# Inert Gas Purging Requirement Calculation

Purging is an activity used to remove oxygen in piping or vessels to certain concentration, for example 2%-mole. It uses inert gas, usually nitrogen, to do that.

In this post, I want to share you how to calculate inert gas for purging activity. There are three different calculation methods used.

#### Dilution Purging

In dilution purging method, the inert gas simply flows through the vessel and reduces the concentration of unwanted component. It is used for tanks, reactors, and other vessels. Figure below is used to determine requirement of inert gas.

Let say, you want to purge a tank full of air (21%-mole oxygen) to 1%-mole oxygen. Then:

• Ratio of initial to final concentration of oxygen is 21
• From figure above, at ratio of 21, you need 3 vessel volume of inert gas

#### Pressure-cycle Purging

In this method, the vessel at 1 atm is alternately pressured with inert gas and vented. It is used for vessel that can withstand 30 psig (about 2 barg) or more, vessel with only one port, or vessels with coils or baffles inside. I also used this method for leak test in piping system.

The dilution ratio is (1/P)n. Where P is in atm and n is number of cycle.

The quantity of inert gas required for each cycle is P-1 vessel volumes.

Let say, you want to purge a vessel from 21%-mole oxygen to 1%-mole oxygen. You use inert gas to pressure to 5 atm.

• Guess number of cycle. We guess 2 cycles for started.
• (1/P)n = (1/5)2 = 0.04
• 0.04 x 21%-mole = 0.84%-mole. The results is satisfied. If the result is bigger than requirement, try to increase number of cycle.
• Purge requirement (P-1) = 5-1 = 4 vessel volumes

Vacuum-Cycle Purging

Based on its name, this method can only be used for vessels capable to withstand a vacuum. In this method, the vessel is alternately evacuated and fed with inert gas to 1 atm.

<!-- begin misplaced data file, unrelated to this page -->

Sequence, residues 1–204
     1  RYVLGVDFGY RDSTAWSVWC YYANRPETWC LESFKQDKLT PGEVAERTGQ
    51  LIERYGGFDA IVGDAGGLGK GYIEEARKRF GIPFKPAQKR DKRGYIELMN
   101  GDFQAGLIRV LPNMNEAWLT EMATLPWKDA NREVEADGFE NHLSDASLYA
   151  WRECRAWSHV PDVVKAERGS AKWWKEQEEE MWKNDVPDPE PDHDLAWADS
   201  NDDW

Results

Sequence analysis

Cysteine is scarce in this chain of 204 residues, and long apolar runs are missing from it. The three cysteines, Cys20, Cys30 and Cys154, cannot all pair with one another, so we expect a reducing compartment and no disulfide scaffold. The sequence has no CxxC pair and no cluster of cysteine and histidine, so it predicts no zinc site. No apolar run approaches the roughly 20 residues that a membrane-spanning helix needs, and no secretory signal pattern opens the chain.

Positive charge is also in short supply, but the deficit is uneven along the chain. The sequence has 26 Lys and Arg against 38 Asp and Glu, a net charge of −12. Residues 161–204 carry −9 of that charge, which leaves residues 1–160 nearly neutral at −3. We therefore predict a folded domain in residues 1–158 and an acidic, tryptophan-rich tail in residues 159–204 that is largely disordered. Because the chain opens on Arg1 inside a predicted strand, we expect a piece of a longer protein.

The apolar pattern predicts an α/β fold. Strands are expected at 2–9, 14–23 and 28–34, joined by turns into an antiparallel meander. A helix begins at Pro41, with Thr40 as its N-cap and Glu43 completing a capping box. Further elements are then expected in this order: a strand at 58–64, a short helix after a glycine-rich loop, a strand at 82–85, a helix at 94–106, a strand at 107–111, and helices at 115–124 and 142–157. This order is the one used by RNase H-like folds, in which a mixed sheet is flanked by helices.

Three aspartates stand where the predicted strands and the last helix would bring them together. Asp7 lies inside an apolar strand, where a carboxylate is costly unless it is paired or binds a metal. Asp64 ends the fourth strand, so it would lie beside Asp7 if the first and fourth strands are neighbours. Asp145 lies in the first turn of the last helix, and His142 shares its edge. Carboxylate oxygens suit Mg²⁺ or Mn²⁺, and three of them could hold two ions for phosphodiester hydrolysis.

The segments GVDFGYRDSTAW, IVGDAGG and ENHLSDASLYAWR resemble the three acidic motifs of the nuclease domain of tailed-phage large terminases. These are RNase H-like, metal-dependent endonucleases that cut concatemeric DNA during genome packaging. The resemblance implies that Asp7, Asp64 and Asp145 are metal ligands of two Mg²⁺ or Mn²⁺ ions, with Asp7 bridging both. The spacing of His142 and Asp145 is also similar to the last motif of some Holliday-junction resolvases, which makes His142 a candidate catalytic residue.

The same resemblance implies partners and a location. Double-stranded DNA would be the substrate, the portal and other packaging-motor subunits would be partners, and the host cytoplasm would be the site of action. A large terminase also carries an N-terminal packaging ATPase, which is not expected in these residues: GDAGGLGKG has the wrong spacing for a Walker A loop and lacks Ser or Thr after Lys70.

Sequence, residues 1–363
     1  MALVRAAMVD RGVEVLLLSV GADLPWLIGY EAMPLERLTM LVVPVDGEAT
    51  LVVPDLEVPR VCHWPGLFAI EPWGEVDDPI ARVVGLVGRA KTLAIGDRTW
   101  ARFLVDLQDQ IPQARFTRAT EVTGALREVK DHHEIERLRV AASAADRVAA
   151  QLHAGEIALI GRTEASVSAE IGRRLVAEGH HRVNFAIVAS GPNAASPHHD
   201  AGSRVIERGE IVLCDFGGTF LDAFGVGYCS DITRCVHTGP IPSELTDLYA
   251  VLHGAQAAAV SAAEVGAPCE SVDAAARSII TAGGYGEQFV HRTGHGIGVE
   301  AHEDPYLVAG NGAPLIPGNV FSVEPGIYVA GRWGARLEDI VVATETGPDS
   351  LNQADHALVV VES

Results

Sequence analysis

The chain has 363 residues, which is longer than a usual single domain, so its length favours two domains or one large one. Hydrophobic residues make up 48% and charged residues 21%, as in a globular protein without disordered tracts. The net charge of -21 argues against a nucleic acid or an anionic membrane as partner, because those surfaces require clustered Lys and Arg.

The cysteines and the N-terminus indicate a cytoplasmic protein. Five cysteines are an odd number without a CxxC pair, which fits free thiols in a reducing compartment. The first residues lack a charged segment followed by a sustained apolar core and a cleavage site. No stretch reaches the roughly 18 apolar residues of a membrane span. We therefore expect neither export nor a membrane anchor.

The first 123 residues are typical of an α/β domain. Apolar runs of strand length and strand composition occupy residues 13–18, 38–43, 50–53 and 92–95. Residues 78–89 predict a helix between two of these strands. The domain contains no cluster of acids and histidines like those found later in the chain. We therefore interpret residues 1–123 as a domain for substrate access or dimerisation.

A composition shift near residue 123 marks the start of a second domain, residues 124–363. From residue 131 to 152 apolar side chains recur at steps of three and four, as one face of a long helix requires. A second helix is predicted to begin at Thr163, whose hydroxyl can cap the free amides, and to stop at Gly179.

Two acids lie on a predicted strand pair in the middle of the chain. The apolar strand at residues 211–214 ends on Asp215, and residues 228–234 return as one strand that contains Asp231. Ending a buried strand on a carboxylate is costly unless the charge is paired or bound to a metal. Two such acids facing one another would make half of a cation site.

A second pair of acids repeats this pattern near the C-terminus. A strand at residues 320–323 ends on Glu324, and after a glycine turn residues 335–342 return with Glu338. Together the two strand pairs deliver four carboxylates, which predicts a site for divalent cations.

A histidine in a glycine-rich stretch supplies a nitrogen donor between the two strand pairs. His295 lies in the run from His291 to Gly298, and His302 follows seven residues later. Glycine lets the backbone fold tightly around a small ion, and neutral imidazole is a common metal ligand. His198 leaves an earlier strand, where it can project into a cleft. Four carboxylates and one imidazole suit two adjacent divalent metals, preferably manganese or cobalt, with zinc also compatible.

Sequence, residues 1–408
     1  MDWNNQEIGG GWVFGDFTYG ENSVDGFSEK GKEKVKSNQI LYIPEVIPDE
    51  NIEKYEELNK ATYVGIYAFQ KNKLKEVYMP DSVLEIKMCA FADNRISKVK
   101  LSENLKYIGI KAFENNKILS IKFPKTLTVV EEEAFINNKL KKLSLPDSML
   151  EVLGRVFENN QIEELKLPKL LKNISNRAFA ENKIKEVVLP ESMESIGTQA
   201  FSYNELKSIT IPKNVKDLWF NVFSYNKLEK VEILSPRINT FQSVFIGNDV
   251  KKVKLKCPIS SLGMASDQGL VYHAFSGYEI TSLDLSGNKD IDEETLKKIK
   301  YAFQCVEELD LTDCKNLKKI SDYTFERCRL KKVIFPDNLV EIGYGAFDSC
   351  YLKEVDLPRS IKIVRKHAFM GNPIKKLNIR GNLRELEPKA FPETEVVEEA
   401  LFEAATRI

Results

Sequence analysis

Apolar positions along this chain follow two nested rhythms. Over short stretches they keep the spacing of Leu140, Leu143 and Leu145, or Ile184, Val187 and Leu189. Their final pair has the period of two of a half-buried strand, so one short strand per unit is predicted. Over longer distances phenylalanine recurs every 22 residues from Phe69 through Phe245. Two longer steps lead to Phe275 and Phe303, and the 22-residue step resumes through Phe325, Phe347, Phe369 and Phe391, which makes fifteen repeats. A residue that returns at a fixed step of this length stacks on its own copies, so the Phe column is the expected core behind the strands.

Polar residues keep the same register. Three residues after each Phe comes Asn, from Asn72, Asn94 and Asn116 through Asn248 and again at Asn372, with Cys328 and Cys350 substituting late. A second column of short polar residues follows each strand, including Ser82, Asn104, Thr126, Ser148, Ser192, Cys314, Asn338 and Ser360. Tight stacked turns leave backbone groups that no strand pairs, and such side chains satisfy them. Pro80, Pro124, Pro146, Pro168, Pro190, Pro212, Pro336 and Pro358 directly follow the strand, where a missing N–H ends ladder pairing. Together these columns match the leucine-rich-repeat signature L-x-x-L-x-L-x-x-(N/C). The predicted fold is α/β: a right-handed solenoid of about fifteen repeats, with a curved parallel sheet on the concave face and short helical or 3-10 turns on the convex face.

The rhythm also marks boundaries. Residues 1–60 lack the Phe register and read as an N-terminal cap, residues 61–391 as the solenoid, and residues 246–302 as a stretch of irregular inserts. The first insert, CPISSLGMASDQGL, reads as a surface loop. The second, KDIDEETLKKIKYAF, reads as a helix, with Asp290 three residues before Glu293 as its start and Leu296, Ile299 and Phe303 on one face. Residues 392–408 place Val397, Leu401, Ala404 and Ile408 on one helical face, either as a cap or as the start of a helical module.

Concentration of unwanted component is reduced from C to CPn.

C = concentration (%)

P = pressure (atm)

n = number of cycles

The quantity of inert gas required for each cycle is 1-P vessel volumes.

Let say, you want to purge from 21%-mole oxygen to 1%-mole oxygen. You use vacuum-cycle purging to 0.5 atm.

• C = 21%
• CPn = 1%, (21%)(0.5)n = 1%. We get n = 4.4, so use 5 cycles
• Purged gas required = 5 x (1-0.5) = 2.5 vessel volumes

Reference: Rules of Thumb for Chemical Engineers, Carl Branan

## 14 thoughts to “Inert Gas Purging Requirement Calculation”

1. anjali says:

what is 0.84% mole in pressure cycle purging.

1. Rifka Aisyah says:

Hi,

0.84%-mole is final oxygen content after purging.

2. Maksim says:

Hi Mba,
Could you confirm that unit for N2 volume here is Standard condition.
For example: volume system = 10 m3, if N2 volume =2x volume system, it means N2 volume = 20Sm3.
Thanks.

1. Rifka Aisyah says:

Hi,

Actually the book do not mention about at which condition the volume is expressed. But in my opinion, standard condition (T = 15 C, P = 1 atm) is reasonable.

2. Reihaneh Feiz says:

Hi, What is the reference of the curve?

1. Rifka Aisyah says:

Hi, the curve is taken from Rule of Thumbs for Chemical Engineers feom Carl Branan

3. Reza says:

Hello
Thank you very much for your complete explanation.
I used a lot.
Can you tell me where this part is mentioned in the book?

1. Rifka Aisyah says:

Hello Reza,

I used section 20 of the book (section 20 Safety), Equipment Purging Part.

So glad the post helped you 🙂

4. Valentinus Satrio says:

Hi Bu Rifka,

Such a wonderful article bu, may I ask a question. Can the above calculation be applied to pipeline purging? Thank you Bu Rifka

Regards,
Valentinus Satrio

1. Rifka Aisyah says:

Hi Pak Valentinus,

Yes, the calculation can be used to estimate purging requirement in pipeline.

5. Rob Feller says:

Thank you for the great information! It appears there is a typo in the formula above under the Pressure Cycle Purging Section. (1-P)n = (1/5)2 = 0.04 Formula shows 1-P but then 1/P in the calculation. Maybe it should say (1/P)^2=(1/5)^2=0.04
Cheers, Rob

1. Rifka Aisyah says:

6. ISAAC says:
7. Karun Kumar says: